Dementia awareness week: Penrith support group shows people can live well with dementia

There is nothing stopping people living with dementia and their carers from laughing, dancing and singing, that is the clear message from a support group in Penrith that encourages those with dementia and their carers to do just that.

Mrs Gregory, a carer from Appleby who attends the weekly group with her husband who lives with dementia said:

“It is excellent, everyone involved is fantastic and if you have any problems you can ask and they will help you. We come every week, here at the Eden Hub on a Tuesday and at St Andrews on a Wednesday for ‘Singing for the brain’, and I enjoy it as much as a carer as my husband does, everyone is so nice.”

The group is run from the Eden Hub, on the Penrith hospital site, in partnership with Alzheimer’s society and it is advancing the way in which carers and sufferers of dementia are supported here in Cumbria.

Hazel Laithwaite (pictured above), coordinator of Eden Hub said:

“Both the carer and the sufferer of dementia are my clients, we have been running these meetings for three years and it helps clients to know what other services  and support, like Alzheimer’s UK,  are available to them alongside the Eden Hub. It also enables those living with the disease to meet the people who are behind these services.”

One of these services is a group run by Alzheimer’s Society which was showcased at the event that runs three times a week, and shows that there is a life with dementia, and a joyful one at that.

Mrs Gregory added:

“I want to say a big thankyou to everyone who runs this, both the professionals and the volunteers because it is really good and more people need to come and try it, its smashing and no body need be embarrassed, we are all in the same boat”

The group is a partnership built between the Eden Health and Wellbeing Hub (Eden Hub) and Alzheimer’s Society, is advancing the way in which carers and sufferers of dementia are supported here in Cumbria.

As part of dementia awareness week, Eden Hub hosted an event for the public to come and see the services and support that are available to dementia patients and carers.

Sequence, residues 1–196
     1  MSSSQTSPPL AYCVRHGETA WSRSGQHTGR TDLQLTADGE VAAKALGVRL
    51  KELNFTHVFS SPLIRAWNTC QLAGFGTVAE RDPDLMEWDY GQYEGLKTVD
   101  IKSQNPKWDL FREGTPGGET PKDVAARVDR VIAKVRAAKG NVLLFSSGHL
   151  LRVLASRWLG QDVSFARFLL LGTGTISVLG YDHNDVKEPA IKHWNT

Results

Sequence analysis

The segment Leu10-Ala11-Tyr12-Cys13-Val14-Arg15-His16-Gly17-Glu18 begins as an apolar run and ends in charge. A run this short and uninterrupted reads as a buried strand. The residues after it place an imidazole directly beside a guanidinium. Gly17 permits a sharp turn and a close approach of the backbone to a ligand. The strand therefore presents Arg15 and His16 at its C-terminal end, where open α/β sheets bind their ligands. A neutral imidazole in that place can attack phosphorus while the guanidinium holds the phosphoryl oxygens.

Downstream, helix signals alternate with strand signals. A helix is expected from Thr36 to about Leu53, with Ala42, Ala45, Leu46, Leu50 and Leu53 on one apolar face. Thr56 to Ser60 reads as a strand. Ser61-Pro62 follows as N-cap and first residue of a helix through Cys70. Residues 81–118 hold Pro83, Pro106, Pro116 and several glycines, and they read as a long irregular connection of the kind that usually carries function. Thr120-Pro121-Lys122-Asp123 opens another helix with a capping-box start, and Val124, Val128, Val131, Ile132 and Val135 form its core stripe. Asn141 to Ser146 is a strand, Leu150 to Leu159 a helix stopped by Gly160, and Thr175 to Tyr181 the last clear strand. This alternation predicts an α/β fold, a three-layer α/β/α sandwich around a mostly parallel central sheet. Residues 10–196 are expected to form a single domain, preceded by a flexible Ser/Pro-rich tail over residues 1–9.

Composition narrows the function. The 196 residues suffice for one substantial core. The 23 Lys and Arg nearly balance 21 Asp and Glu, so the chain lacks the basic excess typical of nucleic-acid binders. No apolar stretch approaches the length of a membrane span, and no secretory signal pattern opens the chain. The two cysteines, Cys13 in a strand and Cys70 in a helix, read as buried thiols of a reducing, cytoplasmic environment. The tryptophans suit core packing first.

Carers and those suffering from dementia were led by local music teacher Dawn Smart, who is also a facilitator for the charity, and could been seen dancing, singing and having fun with their loved ones.

Left to Right: Catherine Pattinson (Alzheimer’s Society volunteer), Anne Bell (Alzheimer’s Society volunteer), Sandra Evans, Julie Bancroft (Alzheimer’s Society volunteer) and Dawn Smart.

Sandra Evans, dementia support worker who works with the charity, explained:

“There are more groups now than we have ever had in the area, people get so much from these groups they can get together, chat and have fun! We run ‘singing for the brain’ on a Monday in Keswick which is currently at Keswick Museum and on a Wednesday at St Andrews Church Parish Rooms, and the ‘in the moment’ group runs on a Tuesday here at the Eden Hub

People really can live well with dementia, and do fun things! Any sufferers or carers can come and join in with the groups we run, we do prefer to speak to people first to get to know a little bit about them however they can just pop along if they prefer”

Many members of Cumbria Partnership NHS Foundation Trust (CPFT) staff attended the event and shared their thoughts on why events like this are so important; Clare Bennett, senior nurse at CPFT said:

“It is so important that we work with third sector agencies like Alzheimer’s Society, we aim to link in with them to get the best outcome for the person; We only have one aspect of the dementia patient journey, these agencies are a key link in this journey too, we are moving forward to get the best outcome for the patients and thinking about working smarter”

Jennifer Bell, Eden Memory Services community support worker at CPFT continued by saying:

“Agencies like alziehmers society are on peoples doorstep as a non-medical option, we are working in an integrated way to make things easier and more streamlined for the carer, and it’s part of our responsibility to do this”

Support worker for CPFT, Gordon Cooke, also said on the event:

“Today the people who are visiting are either already diagnosed with dementia, or are maybe fearful that they are showing signs of dementia, and by coming to these events they can see that there is a life with dementia and that it is happy one where they can witness the carers and sufferers having fun”

Alzheimer’s Society has been working with Dawn since July 2012 running these groups, and they are keen for more people to come to these groups and receive their support, and know that you can enjoy life with dementia.